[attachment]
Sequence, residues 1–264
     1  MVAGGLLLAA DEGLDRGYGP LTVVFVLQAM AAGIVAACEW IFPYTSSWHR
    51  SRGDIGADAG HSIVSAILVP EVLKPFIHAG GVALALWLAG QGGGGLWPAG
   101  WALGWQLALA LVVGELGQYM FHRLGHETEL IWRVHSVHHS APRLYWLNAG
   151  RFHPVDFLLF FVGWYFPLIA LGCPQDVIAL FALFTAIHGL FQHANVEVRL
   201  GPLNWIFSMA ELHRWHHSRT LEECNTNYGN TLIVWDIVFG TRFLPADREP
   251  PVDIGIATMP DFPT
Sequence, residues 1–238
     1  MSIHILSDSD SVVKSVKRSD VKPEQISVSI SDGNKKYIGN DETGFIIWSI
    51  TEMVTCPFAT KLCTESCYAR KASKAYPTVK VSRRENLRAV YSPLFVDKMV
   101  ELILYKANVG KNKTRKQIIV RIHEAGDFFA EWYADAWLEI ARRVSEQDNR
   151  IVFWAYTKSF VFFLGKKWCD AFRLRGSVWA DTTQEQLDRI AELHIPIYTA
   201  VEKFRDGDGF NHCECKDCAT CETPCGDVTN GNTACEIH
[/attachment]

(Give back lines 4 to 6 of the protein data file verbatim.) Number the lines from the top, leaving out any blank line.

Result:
   101  WALGWQLALA LVVGELGQYM FHRLGHETEL IWRVHSVHHS APRLYWLNAG
   151  RFHPVDFLLF FVGWYFPLIA LGCPQDVIAL FALFTAIHGL FQHANVEVRL
   201  GPLNWIFSMA ELHRWHHSRT LEECNTNYGN TLIVWDIVFG TRFLPADREP